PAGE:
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Eczema Ointment

Dr Roger Henderson
Reviewed by Roger HendersonReviewed on 29.04.2024 | 4 minutes read
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Topical formulations (things to put on your skin) are split into different categories depending on the base type of product and its characteristics. Creams, gels, solutions, lotions and ointments can all be applied to the skin to treat certain conditions. Ointment describes a smooth and oily substance, making it greasy to put on, compared to creams, lotions and gels, which have an increasingly high water content, rather than oil. This makes ointment a doctor's favourite choice for eczema, as it moisturises the skin and reduces inflammation, and an ointment can also carry other medications within it.

Creams and lotions are often preferred by parents and patients as they are less messy and absorb more quickly. But they are less moisturising, and often contain preservatives and antibacterials to protect against any bugs growing in their water content, and this may be irritating on sensitive eczema-prone skin.

Here we will talk you through some of the ointments available for eczema.

Doctor’s advice

Emollient ointments

Emollients are moisturising treatments applied directly to the skin to soothe and hydrate the skin. They cover the skin with a protective film to trap in moisture and protect the skin against bacteria and other pathogens or impurities. Emollients are often used to help manage dry, itchy or scaly skin conditions such as eczema, psoriasis and ichthyosis.

They are available as ointments but can also come as creams, lotions, gels and sprays. Some emollients can also be used as soap substitutes in the bath or shower. All emollients are safe for babies, the elderly, pregnant women and breast-feeding women.

Steroid ointments

Steroid medications can come in many different forms like emollients too. You can buy the mildest steroid over-the-counter such as hydrocortisone cream, but for long-term use you should discuss any steroid creams or ointments with your doctor and figuring out the best treatment for your condition. They will use the steroid ladder to assess the next best ointment for you.

Steroid ointments can be stronger than creams, even for the same formulation, as they are "occlusive". The strength of any steroid cream or ointment also increases if you occlude the skin with clothing, gloves or socks, clingfilm, or even the crook of your elbow, as it's sandwiched in a skin fold. Your doctor can discuss steroid strengths with you.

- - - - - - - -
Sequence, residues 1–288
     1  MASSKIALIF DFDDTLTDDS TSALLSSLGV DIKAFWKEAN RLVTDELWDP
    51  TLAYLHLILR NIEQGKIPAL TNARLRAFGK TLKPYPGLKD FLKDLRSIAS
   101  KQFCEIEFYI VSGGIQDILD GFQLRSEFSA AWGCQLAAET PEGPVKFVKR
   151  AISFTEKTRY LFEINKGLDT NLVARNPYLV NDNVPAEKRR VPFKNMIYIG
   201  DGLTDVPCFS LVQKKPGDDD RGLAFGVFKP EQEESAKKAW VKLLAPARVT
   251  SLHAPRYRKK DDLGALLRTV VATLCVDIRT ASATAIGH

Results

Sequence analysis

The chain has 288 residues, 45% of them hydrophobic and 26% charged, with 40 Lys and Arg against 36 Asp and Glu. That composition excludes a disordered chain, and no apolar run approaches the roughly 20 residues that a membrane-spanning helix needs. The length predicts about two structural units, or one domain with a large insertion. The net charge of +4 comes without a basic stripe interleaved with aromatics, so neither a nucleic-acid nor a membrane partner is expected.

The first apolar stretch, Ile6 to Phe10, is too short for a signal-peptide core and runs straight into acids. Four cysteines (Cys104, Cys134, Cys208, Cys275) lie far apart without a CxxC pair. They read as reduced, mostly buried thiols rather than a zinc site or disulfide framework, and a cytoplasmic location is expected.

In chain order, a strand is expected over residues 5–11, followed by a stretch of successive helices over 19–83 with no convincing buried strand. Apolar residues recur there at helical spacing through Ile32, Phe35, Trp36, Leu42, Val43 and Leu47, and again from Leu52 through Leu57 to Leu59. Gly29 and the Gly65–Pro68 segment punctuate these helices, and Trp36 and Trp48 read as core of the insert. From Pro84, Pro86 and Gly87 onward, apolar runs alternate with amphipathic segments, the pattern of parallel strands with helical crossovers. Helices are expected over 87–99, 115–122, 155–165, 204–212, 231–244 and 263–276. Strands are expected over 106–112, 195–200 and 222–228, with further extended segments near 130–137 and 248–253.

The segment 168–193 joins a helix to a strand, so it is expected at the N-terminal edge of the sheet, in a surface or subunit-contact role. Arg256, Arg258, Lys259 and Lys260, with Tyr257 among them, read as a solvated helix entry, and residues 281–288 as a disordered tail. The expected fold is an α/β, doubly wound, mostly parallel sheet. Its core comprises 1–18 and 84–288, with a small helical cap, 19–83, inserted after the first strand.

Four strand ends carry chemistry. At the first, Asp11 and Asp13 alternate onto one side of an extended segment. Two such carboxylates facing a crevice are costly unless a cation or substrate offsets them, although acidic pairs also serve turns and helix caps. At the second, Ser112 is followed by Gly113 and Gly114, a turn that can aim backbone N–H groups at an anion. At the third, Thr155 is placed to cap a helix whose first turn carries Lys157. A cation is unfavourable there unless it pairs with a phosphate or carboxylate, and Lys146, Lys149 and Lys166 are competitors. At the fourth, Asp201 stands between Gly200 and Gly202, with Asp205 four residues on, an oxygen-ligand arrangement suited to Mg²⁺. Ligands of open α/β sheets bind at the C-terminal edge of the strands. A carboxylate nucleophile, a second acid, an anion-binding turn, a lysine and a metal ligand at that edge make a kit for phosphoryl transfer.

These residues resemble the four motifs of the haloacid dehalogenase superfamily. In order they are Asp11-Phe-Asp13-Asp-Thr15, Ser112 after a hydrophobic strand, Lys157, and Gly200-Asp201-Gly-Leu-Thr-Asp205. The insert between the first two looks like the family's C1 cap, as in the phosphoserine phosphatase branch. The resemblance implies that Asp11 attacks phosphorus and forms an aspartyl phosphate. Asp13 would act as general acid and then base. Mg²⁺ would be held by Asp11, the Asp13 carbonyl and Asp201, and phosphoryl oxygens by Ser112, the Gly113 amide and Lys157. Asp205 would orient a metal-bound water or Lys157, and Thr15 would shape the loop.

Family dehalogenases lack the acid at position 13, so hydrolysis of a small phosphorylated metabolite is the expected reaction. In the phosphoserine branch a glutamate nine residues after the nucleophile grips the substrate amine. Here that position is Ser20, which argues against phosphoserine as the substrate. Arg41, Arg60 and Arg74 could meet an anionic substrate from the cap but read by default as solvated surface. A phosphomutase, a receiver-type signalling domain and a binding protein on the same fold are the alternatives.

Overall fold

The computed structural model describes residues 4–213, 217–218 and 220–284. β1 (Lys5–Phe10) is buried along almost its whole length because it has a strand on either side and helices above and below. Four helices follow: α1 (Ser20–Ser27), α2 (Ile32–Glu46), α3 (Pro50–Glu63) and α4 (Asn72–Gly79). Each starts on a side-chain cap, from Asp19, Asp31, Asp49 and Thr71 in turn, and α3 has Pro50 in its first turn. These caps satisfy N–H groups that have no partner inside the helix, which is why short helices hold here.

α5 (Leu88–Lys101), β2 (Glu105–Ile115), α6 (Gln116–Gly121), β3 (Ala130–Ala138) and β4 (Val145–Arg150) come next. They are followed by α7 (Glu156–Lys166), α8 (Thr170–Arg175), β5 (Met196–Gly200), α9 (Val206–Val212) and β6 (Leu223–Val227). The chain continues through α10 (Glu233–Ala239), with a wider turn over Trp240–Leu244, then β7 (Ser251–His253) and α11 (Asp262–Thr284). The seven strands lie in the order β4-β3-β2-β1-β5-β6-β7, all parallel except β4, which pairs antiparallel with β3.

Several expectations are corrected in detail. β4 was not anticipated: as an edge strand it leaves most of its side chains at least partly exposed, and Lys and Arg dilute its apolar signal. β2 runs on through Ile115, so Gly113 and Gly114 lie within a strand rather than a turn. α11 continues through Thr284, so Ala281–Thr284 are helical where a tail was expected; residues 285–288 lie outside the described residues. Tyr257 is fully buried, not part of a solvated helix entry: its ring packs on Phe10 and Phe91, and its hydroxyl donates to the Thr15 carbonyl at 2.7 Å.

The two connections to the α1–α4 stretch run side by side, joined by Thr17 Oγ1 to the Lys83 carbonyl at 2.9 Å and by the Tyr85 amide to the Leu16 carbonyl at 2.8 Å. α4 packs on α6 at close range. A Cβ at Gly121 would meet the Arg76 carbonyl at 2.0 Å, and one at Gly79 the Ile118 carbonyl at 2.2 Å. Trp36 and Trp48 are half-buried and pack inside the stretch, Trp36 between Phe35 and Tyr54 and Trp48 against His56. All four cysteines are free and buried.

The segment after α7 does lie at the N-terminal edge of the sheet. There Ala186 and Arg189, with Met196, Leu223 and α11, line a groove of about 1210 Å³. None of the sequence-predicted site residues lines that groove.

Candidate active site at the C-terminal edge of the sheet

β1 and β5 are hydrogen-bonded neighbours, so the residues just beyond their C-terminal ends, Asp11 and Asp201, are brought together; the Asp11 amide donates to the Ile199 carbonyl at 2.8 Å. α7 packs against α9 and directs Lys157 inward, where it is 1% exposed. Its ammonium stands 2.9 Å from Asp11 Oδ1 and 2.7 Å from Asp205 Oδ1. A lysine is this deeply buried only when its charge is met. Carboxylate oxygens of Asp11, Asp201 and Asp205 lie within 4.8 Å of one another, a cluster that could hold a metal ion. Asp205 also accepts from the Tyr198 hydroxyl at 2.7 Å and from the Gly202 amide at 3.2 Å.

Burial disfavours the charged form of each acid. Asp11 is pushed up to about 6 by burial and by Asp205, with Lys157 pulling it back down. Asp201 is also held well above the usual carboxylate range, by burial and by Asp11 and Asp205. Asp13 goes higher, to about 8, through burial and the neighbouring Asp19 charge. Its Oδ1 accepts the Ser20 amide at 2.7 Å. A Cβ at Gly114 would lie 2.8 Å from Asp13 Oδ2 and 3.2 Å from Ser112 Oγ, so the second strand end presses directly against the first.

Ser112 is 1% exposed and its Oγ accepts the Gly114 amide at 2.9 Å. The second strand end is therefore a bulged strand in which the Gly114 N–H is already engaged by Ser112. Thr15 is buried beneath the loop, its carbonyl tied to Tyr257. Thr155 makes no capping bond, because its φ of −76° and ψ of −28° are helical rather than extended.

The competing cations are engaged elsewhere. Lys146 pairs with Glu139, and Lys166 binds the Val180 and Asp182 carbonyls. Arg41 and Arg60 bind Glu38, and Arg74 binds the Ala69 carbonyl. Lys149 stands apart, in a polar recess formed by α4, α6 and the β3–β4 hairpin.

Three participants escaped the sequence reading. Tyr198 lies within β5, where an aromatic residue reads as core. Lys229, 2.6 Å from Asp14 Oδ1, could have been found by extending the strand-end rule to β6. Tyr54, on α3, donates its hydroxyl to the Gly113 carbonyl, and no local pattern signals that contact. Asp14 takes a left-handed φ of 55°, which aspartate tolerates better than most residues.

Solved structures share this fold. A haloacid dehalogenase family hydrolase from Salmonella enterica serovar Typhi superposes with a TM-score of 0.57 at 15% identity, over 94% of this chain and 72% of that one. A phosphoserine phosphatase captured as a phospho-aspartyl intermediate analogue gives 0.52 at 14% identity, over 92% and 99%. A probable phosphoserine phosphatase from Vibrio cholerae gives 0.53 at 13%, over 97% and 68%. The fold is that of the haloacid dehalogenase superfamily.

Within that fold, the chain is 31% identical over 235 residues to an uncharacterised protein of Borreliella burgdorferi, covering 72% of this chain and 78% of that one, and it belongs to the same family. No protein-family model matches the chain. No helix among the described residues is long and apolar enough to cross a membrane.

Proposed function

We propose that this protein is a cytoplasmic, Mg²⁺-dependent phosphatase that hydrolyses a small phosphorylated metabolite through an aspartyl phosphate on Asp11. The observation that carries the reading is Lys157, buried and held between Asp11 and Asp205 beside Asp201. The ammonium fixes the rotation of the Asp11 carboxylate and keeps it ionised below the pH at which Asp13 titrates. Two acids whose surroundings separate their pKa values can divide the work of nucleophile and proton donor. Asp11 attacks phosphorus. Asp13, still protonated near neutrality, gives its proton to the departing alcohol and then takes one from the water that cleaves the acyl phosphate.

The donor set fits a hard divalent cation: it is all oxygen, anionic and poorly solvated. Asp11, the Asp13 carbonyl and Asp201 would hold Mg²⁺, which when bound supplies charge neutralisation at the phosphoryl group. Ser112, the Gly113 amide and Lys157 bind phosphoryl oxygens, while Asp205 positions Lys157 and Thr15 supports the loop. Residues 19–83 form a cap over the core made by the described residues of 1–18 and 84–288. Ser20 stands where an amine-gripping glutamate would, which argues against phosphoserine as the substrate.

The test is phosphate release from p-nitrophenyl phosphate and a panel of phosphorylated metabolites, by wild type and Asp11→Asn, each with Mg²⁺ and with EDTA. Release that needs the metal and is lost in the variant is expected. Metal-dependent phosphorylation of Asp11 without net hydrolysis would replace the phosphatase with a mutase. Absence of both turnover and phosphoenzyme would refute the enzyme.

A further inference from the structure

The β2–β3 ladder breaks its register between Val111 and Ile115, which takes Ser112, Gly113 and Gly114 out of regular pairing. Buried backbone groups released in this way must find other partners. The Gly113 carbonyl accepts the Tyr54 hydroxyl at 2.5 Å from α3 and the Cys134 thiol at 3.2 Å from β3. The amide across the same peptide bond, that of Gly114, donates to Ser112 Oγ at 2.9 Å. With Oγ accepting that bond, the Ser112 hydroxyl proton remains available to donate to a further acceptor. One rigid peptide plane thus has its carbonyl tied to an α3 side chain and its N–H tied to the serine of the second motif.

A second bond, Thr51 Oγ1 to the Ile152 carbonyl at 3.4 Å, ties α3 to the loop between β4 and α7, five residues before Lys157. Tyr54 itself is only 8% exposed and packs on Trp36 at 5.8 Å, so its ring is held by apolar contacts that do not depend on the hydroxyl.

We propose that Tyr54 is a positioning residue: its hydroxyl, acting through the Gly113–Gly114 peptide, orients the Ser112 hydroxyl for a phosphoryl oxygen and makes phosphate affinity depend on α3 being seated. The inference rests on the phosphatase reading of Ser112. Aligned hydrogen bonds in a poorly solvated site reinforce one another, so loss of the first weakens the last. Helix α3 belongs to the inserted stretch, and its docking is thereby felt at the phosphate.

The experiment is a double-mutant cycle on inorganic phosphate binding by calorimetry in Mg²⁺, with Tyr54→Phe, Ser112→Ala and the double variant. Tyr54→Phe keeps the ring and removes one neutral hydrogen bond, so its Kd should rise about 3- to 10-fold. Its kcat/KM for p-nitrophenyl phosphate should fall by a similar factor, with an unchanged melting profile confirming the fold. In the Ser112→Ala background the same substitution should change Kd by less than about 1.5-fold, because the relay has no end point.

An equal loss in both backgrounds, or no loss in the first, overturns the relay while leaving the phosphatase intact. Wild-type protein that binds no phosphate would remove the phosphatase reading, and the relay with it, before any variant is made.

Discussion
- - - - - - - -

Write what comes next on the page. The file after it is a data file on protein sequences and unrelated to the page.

How do I apply ointments?

Always make sure you apply emollient ointments at least two to three times a day.  If you are applying a steroid ointment too, be sure to apply the emollient first to make the skin supple before applying steroid medication second. Make sure you apply in the direction of hair growth, as this reduces the risk of folliculitis (blocked hair follicles).

Should I use a cream or ointment?

If you are buying an emollient over-the-counter, ointments are great for keeping moisture in although they are a bit messier. The thing that makes them great, the fact they sit on top of the skin to keep moisture in the skin and keep bacteria out – is what makes them messy and can get all over clothes and bed sheets.

With medications prescribed by your doctor, they will discuss with you what they think is the best topical formulation and treatment for you. If the medication needs to be absorbed well, a cream may be the best way forward. If the aim is to treat dryness with eczema, then an ointment may be the best way forward.

But as you're signing up for the long-term in yours or your child's eczema treatment, your doctor will want to know what works best for you - applying a cream regularly is likely to be more beneficial to your eczema than applying an ointment every once in a while.

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Dr Roger Henderson
Reviewed by Roger Henderson
Reviewed on 29.04.2024
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